Since banks can’t sell of all that glorious credit card debt, banks are going to make customers pay more for the privilege of easy money resulting in less easy money and a contracting credit market over time because creative money creation is not working to the advantage of wiley bankers.

Where America will turn next is anyone’s guess. Barring black market prices for selling off children as collateral, Americans may be faced with the joys of living within their means. The good news behind all of this drama is not the perceived pain. Contraction of any marketplace is a mixed blessing. Billions will be lost and millions of Americans will see hard times, but in the end everyone is a winner because, at least in theory, the marketplace achieves a value balance. America has needed a long-awaited correction that politicians are deathly afraid of. Market contraction means that prices and everything that is assigned a dollar value decreases in relative cost. The exception to that blessing is the specter of devaluation or the possibility of hyperinflation due to stagflation. That however, is another story. ~ E. Manning

August 7, 2008

A Solution for Credit Card Theft and Risk

Hacking and identity theft has made the big time news once again. A worldwide ring of 11 people that compromised 41 million credit and debit cards have been exposed. The time was that when you received a credit or debit card, you were pretty much married to it. You used the card until the time that it expired and sometimes groused when they sent you a brand new one. After all, sameness is a comfort to many people. That desire for sameness inspires customers to frequent traditional retailers that may not be up to snuff on data security, creating fear when data is compromised, an event that is almost a daily fact of life.

Most of the time, thieves focus on regional or national store chains where people shop that have a few extra dollars to spare. Those are exactly the kind of people that thieves are looking for, which reduces their changes of opposition when making a charge. Allegedly, these hacks didn’t use traditional attacks via the internet, but compromised wireless networks at physical locations by finding security leaks. The conspirators tapped into the retailers’ networks for processing credit cards and intercepted customers’ PINs along with debit and credit numbers that were stored there.

What can an honest citizen do to protect personal interests? There seems to be a constant merry-go-round of compromise where personal information is concerned from the big three credit agencies to the smallest retailer. The sameness that used to reassure big spenders is the same predictability that is being used against them. Access to the world economy via a credit card has become expected and risky. The solution?

Don’t allow banks to attach debit credit cards to any long-term personal bank account. That convenience is dangerous and unnecessary, even though the bank will ply your confidence with all manner of security safeguards and policies with the hope of creating bank fees and holding your money.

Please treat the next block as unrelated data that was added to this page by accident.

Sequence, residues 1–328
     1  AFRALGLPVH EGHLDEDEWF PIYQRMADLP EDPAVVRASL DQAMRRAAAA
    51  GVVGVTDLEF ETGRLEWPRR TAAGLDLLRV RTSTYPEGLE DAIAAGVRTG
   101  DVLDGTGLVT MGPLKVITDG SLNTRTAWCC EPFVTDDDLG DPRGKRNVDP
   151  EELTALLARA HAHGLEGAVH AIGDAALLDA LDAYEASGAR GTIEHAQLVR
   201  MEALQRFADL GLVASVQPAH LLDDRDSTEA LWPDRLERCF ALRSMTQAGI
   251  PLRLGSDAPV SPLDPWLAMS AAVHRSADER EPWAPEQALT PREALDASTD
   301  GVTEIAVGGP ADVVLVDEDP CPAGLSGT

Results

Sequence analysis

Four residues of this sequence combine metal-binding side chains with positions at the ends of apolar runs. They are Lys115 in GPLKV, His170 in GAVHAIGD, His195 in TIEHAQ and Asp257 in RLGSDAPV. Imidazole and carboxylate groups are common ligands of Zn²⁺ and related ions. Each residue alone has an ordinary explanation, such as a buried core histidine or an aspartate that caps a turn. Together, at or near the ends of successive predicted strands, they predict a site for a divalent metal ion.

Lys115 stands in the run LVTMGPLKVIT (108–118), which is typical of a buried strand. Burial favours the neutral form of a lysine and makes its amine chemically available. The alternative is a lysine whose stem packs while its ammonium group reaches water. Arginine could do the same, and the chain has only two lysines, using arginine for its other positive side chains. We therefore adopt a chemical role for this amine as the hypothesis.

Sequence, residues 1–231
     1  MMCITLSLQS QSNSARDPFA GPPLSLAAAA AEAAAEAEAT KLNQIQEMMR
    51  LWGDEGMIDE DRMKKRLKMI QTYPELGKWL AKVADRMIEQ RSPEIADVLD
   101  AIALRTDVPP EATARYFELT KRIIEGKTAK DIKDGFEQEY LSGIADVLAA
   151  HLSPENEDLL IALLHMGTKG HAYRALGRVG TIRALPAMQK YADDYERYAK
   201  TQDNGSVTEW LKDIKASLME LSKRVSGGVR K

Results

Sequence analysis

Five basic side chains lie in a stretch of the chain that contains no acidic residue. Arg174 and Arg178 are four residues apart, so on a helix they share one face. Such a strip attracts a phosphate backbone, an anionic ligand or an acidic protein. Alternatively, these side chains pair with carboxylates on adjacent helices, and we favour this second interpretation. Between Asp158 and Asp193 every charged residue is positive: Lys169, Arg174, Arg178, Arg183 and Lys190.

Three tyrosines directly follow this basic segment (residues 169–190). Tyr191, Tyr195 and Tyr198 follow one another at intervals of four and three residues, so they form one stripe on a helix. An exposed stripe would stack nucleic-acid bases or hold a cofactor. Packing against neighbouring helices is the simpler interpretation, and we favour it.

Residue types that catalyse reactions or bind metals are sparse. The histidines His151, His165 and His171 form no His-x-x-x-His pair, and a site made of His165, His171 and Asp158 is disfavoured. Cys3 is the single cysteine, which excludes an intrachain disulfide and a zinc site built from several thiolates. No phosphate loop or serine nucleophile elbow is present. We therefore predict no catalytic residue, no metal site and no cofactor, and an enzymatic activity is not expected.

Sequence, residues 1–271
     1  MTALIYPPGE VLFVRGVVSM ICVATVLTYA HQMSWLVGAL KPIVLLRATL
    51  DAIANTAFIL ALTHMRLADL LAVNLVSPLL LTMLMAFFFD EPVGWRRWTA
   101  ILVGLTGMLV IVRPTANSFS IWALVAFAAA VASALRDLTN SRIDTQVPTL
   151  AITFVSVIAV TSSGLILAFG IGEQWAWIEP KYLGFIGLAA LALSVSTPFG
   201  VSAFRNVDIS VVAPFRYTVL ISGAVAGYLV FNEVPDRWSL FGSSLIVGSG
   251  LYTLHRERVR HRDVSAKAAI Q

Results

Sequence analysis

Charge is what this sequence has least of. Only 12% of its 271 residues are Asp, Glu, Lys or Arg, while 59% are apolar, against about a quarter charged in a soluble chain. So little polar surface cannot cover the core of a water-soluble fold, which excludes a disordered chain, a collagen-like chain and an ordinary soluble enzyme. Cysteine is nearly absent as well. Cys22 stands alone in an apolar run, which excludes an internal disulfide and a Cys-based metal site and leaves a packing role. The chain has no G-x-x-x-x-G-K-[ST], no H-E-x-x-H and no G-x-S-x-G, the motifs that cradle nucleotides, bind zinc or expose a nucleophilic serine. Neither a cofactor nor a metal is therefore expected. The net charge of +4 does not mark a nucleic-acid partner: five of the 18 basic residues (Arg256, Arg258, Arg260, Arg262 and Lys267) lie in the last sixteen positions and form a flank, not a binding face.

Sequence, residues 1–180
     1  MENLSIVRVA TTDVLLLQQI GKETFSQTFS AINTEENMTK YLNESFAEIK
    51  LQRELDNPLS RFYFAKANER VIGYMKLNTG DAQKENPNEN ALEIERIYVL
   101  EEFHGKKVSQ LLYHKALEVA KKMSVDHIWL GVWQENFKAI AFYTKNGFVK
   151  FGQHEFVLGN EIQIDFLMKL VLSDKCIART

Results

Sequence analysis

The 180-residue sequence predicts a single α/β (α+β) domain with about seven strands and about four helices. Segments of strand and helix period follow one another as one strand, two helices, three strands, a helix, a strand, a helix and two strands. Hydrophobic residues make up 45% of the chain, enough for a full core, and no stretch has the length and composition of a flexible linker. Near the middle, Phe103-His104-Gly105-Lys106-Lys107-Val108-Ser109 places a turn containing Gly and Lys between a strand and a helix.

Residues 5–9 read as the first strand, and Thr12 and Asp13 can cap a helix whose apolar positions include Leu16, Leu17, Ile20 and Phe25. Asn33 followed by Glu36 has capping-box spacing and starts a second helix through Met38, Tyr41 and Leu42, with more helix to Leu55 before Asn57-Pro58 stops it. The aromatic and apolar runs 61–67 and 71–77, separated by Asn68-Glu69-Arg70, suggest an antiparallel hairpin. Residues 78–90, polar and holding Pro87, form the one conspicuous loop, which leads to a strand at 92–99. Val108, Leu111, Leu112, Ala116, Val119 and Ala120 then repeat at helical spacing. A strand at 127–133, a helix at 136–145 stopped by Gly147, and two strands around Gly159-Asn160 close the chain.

The idea of having a traditional credit card may seem to be a wonderful tool, but the sameness of the credit card information itself can easily compromise personal security and identity, resulting in loss or at least, a large degree of hassle. Furthermore, when you make an error in judgment, you risk losing a healthy penalty to the issuing institution, thus making the banking community richer at your expense.

If you must have credit card access to the world economy, one solution remains that is considerably more secure than traditional methods. Get a debit card that is sold at a variety of drug stores and grocery outlets. Immediately, you limit your losses with allegedly the same guarantees as a regular Visa or Mastercard. You limit your expenses to a modest monthly charge without bank chargebacks and penalties. On some cards, deposits charges are waved as a reward for certain behaviors, for example, direct deposit of your paycheck or cashing checks at a certain retailer.

However, the strength behind using a debit card that you purchase at a store is simple disposability. Regardless of what the expiration date is on the card, simply limit the period of time that you use the debit card to just a few months. Drain the cash you have put on the card and get a new one. You are protected from long-term vulnerabilities to the system that is designed more for the convenience of the system than the consumer. What is involved is simply a different way of thinking using disposable cash-based credit. Cash is best, but if you can’t deal with cash, protect your name without risking your large accounts and wealth. Bankers will still get wealthy, but much less so and you will protect yourself from risk.

~ E. Manning

May 5, 2008

New Credit Proposals Rattle Bankers

The Federal Reserve has been setting new baselines all year and last week was no exception. With new power and influence, the Federal Reserve is proposing a new set of credit lending rules that are rattling bankers from coast to coast.

Fed Chairman Ben Bernanke wants to put predictability back into banking costs where credit cards are concerned. The Federal Reserve is setting a new baseline for fairness in banking practices in issuing late fees, unfair interest rates, allocation of payments using balances with different rates, excessive fees, unfair computing of balances and deceptive practices. According to the Federal Reserve: (more…)